threads in the potato leaves to Saprolegnia; but end in some addition to our knowledge of Perono a glance at the figures now published and the spora infestans, to which fungus I had no doubt similar figures copied from De Bary to the same from the beginning that the threads belonged, I scale, will show that if the bodies observed by me kept it under close observation, and in about ten are Saprolegria-like, the oogonia and antheridia days the mycelium produced a tolerably abundant figured by De Bary show an exactly similar alliance. crop, especially in the diseased tubers of the two. Still, as the Saprolegnieæ are at present defined, sized bodies I had previously seen and measured
I am by no means inclined to describe the bodies in the fresh leaves. The reason why these objects, observed by me as really belonging to that tribe of which undoubtedly occur in and about the spots, plants. are so extremely few in number in those positions
The Saprolegnieæ have the habit of moulds and is, I imagine, because they require a different set of
the fructification of algæ, and they live on organic conditions for their normal growth, and these
matter, animal and vegetable, in a state of putreconditions are found in abundant and continued faction in water. One of the best known of these moisture.
plants is Botrytis Bassiana, the parasite which The larger of these bodies I am disposed to con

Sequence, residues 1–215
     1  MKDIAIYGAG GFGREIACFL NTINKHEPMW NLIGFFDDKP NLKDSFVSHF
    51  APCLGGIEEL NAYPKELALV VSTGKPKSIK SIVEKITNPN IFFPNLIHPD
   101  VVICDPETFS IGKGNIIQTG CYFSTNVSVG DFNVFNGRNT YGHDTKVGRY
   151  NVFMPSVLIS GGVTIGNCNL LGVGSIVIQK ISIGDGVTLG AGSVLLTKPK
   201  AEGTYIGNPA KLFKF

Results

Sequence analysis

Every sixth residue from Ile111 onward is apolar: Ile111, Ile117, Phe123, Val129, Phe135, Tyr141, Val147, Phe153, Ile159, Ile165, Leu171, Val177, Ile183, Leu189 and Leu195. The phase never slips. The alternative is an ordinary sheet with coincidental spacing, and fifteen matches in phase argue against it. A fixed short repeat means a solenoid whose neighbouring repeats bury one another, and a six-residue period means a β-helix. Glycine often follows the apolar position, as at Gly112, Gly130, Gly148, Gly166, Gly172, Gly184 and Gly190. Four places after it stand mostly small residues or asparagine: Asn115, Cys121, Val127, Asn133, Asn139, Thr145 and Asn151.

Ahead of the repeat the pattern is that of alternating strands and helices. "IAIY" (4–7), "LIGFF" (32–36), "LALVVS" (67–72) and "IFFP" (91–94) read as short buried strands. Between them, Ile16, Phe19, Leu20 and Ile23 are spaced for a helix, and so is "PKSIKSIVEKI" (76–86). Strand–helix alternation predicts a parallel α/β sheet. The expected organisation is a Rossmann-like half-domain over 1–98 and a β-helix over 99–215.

causes the disease of silkworms. Now the genus sider the “oogonium” of the potato fungus, and
Botrytis among fungi is almost or quite the same the smaller bodies I look upon as the “antleridia” with Peronospora, to which the potato disease beof the same fungus, which are often terminal in longs; and I consider it a strong argument in position. The filaments of the latter are commonly
favour of my Saprolegnia-like bodies being the septate, and sometimes more or less moniliform or
oogonia and antheridia of the Peronospora when necklace-like. Both oogonium and antheridium are such an authority as Mr. Berkeley considers one of very similar in nature and size to those described as
the Saprolegnieæ (Achlya) "may be an aquatic form belonging to Peronospora alsinearum and P. umbel. of Botrytis Bassiana”--the silkworm disease. liferarum ; and this is another reason (beyond my The common fungus which attacks flies (so fre. seeing undoubted P. infestans on potato leaves at